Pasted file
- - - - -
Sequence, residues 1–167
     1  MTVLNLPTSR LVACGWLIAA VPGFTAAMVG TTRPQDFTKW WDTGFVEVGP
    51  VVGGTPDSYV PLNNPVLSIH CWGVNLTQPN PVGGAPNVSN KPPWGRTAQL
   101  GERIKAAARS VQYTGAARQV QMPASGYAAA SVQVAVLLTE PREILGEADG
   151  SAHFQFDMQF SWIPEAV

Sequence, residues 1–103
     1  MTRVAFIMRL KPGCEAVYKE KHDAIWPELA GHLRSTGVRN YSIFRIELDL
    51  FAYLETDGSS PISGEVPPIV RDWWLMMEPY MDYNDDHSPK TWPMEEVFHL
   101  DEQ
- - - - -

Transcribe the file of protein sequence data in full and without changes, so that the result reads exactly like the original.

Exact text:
Sequence, residues 1–167
     1  MTVLNLPTSR LVACGWLIAA VPGFTAAMVG TTRPQDFTKW WDTGFVEVGP
    51  VVGGTPDSYV PLNNPVLSIH CWGVNLTQPN PVGGAPNVSN KPPWGRTAQL
   101  GERIKAAARS VQYTGAARQV QMPASGYAAA SVQVAVLLTE PREILGEADG
   151  SAHFQFDMQF SWIPEAV

Sequence, residues 1–103
     1  MTRVAFIMRL KPGCEAVYKE KHDAIWPELA GHLRSTGVRN YSIFRIELDL
    51  FAYLETDGSS PISGEVPPIV RDWWLMMEPY MDYNDDHSPK TWPMEEVFHL
   101  DEQ